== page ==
On the morning of December 20, President Tsai Ing-wen met with a delegation from the United States House of Representatives led by Representative John Curtis. Stating that Taiwan will continue to cooperate with the US and other like-minded partners to ensure stability and prosperity in the Indo-Pacific region, President Tsai called upon our friends in the US Congress to keep supporting measures to strengthen Taiwan's security. She expressed hope that Taiwan and the US can work under our Initiative on 21st-Century Trade to negotiate and sign a high-standard trade agreement with the US, which can serve as a model for the region. The president also called upon the US representatives present to keep supporting Taiwan's bid to participate in the Indo-Pacific Economic Framework (IPEF), expressing confidence that Taiwan can contribute even more to regional trade and economic development.
A translation of President Tsai's remarks follows:
The representatives here today are all good friends who have lent their strong support to Taiwan in the US Congress. Representative Curtis, leader of the delegation, once worked as a missionary in Taiwan and has deep connections to our country. I also want to give a warm welcome to Representatives Mariannette Miller-Meeks, Burgess Owens, and Michelle Steel, who are all visiting Taiwan for the first time. On behalf of the people of Taiwan, I would like to wish you all a happy holidays and to express my sincere thanks for your visit, which comes just ahead of Christmas and serves as a concrete demonstration of your support for Taiwan.
I also want to take this opportunity to thank the US Congress for its longstanding support for Taiwan. The House and Senate both recently passed the 2023 National Defense Authorization Act, which endorses military sales to Taiwan. By backing this legislation and speaking out publicly in support of Taiwan, Congress is upholding the US security commitment to Taiwan and helping Taiwan defend democracy.
In the face of global authoritarian expansion, Taiwan will continue to cooperate with the US and other like-minded partners to ensure stability and prosperity in the Indo-Pacific region. I would like to ask our friends in the US Congress to keep supporting measures to strengthen Taiwan's security.
I know that all of you closely follow energy and climate change issues, and I very much appreciate your support for Taiwan's participation in the United Nations Framework Convention on Climate Change. Over the past few years, Taiwan has accelerated development of renewable energy sources. And to reach our goal of net-zero emissions by 2050, our government this past March published a pathway to reach that objective, with a concrete action plan spanning 12 key strategies expected to be announced by the end of this year.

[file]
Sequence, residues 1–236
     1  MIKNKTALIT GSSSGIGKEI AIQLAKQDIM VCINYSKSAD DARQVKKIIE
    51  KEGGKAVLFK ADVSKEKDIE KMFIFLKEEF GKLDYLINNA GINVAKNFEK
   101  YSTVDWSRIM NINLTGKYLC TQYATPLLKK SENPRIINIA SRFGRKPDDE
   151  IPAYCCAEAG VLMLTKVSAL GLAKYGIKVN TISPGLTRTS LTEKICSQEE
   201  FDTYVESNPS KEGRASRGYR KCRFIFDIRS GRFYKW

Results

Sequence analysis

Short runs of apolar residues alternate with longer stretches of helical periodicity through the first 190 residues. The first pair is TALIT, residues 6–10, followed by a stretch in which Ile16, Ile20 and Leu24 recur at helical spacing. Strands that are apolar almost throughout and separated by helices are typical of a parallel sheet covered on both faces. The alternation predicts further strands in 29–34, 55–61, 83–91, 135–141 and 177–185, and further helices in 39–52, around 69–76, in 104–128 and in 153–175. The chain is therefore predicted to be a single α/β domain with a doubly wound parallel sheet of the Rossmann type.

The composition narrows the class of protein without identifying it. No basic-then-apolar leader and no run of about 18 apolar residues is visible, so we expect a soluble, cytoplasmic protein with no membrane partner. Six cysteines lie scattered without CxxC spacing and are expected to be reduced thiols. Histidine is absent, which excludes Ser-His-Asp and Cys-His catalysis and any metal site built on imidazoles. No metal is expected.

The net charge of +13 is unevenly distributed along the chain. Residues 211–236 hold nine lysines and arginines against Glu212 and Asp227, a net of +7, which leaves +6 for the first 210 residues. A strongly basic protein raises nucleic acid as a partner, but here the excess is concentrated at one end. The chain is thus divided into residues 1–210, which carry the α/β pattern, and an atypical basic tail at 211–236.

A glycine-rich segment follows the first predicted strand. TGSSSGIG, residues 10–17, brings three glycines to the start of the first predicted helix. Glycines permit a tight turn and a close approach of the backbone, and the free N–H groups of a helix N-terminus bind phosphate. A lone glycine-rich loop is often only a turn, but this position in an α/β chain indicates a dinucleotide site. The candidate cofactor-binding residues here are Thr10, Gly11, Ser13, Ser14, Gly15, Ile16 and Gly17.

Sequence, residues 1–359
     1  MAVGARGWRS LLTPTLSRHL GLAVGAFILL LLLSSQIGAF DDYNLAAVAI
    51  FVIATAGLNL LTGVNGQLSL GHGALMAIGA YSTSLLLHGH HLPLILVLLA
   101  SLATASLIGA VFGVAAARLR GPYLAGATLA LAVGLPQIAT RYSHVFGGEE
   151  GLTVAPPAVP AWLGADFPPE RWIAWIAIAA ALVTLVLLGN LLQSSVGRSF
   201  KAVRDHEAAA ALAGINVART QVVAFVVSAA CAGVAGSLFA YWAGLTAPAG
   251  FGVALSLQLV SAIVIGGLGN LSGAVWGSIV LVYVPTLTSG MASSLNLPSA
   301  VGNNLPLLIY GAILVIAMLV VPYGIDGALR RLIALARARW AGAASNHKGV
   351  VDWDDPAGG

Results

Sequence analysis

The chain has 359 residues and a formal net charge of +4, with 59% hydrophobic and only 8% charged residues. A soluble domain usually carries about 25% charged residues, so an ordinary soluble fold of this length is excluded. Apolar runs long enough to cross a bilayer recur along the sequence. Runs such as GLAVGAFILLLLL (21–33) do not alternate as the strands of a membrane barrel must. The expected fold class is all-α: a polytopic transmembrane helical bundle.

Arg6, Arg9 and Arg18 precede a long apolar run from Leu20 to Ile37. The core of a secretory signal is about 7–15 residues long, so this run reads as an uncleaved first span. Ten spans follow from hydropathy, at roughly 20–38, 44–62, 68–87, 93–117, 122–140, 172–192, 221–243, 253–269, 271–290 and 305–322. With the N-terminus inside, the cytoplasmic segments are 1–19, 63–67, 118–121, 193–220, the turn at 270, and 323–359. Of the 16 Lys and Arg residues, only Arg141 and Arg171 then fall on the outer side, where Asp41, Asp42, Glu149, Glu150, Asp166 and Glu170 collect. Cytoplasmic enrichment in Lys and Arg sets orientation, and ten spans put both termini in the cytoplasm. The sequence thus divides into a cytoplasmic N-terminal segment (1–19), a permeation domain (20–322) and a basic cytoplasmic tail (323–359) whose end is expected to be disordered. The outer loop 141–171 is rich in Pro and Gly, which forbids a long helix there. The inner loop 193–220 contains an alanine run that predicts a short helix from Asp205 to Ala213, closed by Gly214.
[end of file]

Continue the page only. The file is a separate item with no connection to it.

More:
Taiwan and the United States have ample room for cooperation on these two important issues. We look forward to working with the US to help countries in the region strengthen their resilience to climate change and jointly promote the development of renewable energy.
In terms of trade, the first round of meetings under the US-Taiwan Initiative on 21st-Century Trade concluded successfully last month. Through this initiative, we hope to negotiate and sign a high-standard trade agreement with the US, which can serve as a model for the region. I would also like to ask the representatives here today to keep supporting Taiwan's bid to participate in the IPEF. We are confident that Taiwan can contribute even more to regional trade and economic development.
Once again, welcome to Taiwan. This has been a fruitful year for Taiwan-US ties. As we move into 2023, I look forward to working with you to further strengthen our bilateral relationship.
Speaking in Mandarin, US Representative Curtis thanked President Tsai for welcoming the delegation and said he is honored to have the opportunity to meet. He then delivered remarks in English, a transcript of which follows:
When I was here in Taiwan 40 years ago, Taiwan was very different.
I arrived just after the end of the [US-Taiwan] mutual defense treaty and the switch of formal diplomatic recognition [as well as] the passage of the Taiwan Relations Act. Although this could have been very difficult on US-Taiwan relations, I was very pleased by how warmly received I was by the people of Taiwan.
When I first arrived in Taiwan, Taiwan was not a democracy. Since then, Taiwan has become a strong and vibrant democracy, with its seventh consecutive direct [presidential] election in 2020. Congratulations.
Among other things that have changed, when I first arrived in Taiwan, it took me several hours to travel to Taichung. This time, we took your [high] speed train in minutes. When I lived in Taichung, I could ride my bike from one end of the city to the other end of the city. That's not possible today.
Also, when I was in Taiwan, Taiwan was known as the "Christmas light capital of the world," and provided Christmas lights to the United States. In contrast, today, Taiwan provides chips [made] in modern factories to the entire world.
Sometimes, when you see change day by day, it's hard to see the whole progress. But my 40-year absence has given me a very clear look into the progress and prosperity of Taiwan.
With my colleagues, we're very pleased to come here and represent 435 members of Congress from all 50 states. And we bring you a message that I hope you already know – that the prosperity of Taiwan is a bipartisan, bicameral issue important to all of us. And together, we come to better understand our role and how we can play a part in that.
We look forward to further discussions with you, and on behalf of all of us, let me express my great appreciation for the tremendous hospitality that we have received during our visit.